…with a database table that would look like this:
Before you begin to manipulate your data, it’s always a good idea to create a backup of your database that you can restore in case something goes wrong. There are various ways to do this depending on the database you’re using. You can typically find instructions by searching for
<your database name> and keywords like
In order to design your migration, it’s helpful to become familiar with the available migration operations. Migrations are run step-by-step, and each operation is some flavor of adding, removing, or altering data. Like a strategic puzzle, it’s important to make model changes one step at a time so that the generated migrations have the correct result.
We’ve already renamed our model successfully. Now, we’ll rename the fields that hold the data we want to retain:
class Dinner(models.Model): bottom_left = models.CharField(max_length=100, null=True) bottom_center = models.CharField(max_length=100, null=True) top_center = models.CharField(max_length=100, null=True)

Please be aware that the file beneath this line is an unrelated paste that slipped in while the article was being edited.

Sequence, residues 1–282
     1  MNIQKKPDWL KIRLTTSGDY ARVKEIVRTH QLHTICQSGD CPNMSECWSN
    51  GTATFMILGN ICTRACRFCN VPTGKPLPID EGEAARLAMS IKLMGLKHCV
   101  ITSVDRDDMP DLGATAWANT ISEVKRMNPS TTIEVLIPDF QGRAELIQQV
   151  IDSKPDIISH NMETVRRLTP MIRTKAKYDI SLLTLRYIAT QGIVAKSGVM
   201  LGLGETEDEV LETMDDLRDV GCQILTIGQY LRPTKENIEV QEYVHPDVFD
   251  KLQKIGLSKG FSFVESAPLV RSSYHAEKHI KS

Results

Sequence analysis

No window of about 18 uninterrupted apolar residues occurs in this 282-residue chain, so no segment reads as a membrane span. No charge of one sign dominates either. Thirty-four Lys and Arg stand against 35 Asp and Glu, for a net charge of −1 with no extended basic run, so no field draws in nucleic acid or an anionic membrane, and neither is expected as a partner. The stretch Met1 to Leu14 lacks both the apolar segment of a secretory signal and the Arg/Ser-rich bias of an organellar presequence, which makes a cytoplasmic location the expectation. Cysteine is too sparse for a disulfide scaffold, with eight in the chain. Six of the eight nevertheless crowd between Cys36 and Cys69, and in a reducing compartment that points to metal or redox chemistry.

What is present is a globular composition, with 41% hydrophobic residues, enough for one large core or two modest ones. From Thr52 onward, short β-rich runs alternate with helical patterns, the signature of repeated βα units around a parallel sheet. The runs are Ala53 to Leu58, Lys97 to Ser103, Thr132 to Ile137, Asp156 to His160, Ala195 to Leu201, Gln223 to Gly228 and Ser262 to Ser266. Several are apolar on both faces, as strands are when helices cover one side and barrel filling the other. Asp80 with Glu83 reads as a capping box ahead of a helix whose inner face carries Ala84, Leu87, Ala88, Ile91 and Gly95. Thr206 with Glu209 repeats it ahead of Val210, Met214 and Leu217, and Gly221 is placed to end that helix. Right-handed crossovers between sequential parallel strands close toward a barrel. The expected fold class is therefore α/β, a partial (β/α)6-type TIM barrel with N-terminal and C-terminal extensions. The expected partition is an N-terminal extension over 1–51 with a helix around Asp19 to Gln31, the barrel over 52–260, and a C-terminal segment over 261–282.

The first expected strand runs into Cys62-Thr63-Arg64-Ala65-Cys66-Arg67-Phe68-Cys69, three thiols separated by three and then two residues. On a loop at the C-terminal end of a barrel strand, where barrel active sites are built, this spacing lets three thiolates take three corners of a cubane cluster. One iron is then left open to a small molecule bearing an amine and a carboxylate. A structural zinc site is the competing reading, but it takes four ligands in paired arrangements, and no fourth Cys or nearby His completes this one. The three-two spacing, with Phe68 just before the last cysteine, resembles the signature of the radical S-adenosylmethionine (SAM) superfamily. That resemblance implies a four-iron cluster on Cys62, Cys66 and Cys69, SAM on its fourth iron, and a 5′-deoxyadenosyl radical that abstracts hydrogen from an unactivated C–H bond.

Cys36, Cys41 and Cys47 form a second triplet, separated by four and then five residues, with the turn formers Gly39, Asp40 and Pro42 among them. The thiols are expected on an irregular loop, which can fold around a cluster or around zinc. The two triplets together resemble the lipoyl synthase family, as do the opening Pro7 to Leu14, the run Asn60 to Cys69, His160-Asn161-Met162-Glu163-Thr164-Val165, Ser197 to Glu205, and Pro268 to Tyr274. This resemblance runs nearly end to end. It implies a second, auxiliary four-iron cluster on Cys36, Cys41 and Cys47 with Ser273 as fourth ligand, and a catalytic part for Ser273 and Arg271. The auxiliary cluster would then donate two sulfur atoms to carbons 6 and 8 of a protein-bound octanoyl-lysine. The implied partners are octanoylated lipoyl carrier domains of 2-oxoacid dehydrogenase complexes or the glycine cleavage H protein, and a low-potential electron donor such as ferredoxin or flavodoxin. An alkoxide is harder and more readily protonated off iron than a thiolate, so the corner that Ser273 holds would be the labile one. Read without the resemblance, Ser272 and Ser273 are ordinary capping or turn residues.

Django is sometimes smart enough to determine the old and new field names correctly. You’ll be asked for confirmation:
python manage.py makemigrations Did you rename dinner.center to dinner.bottom_center (a CharField)? [y/N] y Did you rename dinner.left_side to dinner.bottom_left (a CharField)? [y/N] y Did you rename dinner.right_side to dinner.top_center (a CharField)? [y/N] y Migrations for 'backend': backend/migrations/0004_auto_20200914_2345.py - Rename field center on dinner to bottom_center - Rename field left_side on dinner to bottom_left - Rename field right_side on dinner to top_center
In some cases, you’ll want to try renaming the field and running
makemigrations one at a time.